Even today I am a bit unclear about the Sangha of the Vipassana organization. I felt disappointment for having to divide my mentors for spiritual practice and everyday life challenges.

Now, there was this really sweet Indian female teacher. I loved listening to her stories. One day she called me and decided to write a letter to one of the younger male, unmarried, teachers. I can’t remember what was written, but I signed both her and my name at the bottom, as requested by her. Was she trying to set me up!? However inappropriate, the intention was honorable, but really I just needed someone mature and open enough to have an open honest dialogue with.

 

Yet, sometimes the teaching comes in different ways, as stated at the ending of the movie, “Kama Sutra” by Mira Nair: “Knowing love, I will allow all things to come and go, to be as supple as the wind and take everything that comes, with great courage. As Rasa (her teacher) would say to me: ‘Life is right in any case.'”

 

 

 

 

 

My year at a Vipassana Center: Part 12 Community

I have found it challenging to find active Vipassana communities outside of the actual Vipassana centers. During the 10-day retreats talking is permitted only for a select few hours and thus connections made are precious, but few, and I confess, the lack of community outside of the centers has made me doubt my commitment to the practice at times.

Whenever I meet a Vipassana meditator my face lights up and I know I can trust them. No-one finishes a ten day retreat without the real desire for self-improvement. Those who make it through has a level of integrity and self-responsibility, a willingness at the very least,that you know you can trust. Yet even with courses fully booked, the social aspect of the organization has been lacking for me personally.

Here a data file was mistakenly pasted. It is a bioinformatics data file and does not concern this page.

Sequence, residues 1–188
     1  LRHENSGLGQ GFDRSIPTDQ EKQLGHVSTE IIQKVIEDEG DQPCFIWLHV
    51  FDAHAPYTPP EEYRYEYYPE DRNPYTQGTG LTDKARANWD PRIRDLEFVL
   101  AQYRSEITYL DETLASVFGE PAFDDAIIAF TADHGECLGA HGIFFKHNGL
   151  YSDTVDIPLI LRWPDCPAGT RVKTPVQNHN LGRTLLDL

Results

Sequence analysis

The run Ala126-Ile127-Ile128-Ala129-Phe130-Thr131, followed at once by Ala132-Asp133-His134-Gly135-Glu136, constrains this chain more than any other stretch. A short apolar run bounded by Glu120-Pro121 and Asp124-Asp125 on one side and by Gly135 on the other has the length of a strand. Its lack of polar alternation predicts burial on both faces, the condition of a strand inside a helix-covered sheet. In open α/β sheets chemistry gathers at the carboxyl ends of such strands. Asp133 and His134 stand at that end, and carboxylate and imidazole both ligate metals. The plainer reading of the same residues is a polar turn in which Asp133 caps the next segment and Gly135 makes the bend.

Perhaps because of the strict guidelines for lifestyle and practice it is that sometimes people shy away from other Vipassana meditators in their everyday lives, in order to have the freedom to express themselves in various ways. I don’t know, but I feel that vipassana communities outside of the centers would be helpful for various reasons.

  1. With a suggested 2 hours of daily practice, this commitment very much becomes a lifestyle, and without opportunity to share our experiences, there is definitely a danger of becoming isolated.
  2. Simply integrating a ten-day retreat needs support from an understanding community. The practice is strong, life-changing. Many people call it “the most challenging thing they have ever done” and, as with any great experience, can be disorientating if not given some avenues of safely held expression with others who share it.
  3. Then, having discovered something great and wonderful, you naturally want to share the joy. Without a community to share and celebrate with, you will turn to those who have no context to place your words. You may even turn them off, looking like you want to convert them or that you think you are better than them because of your experience.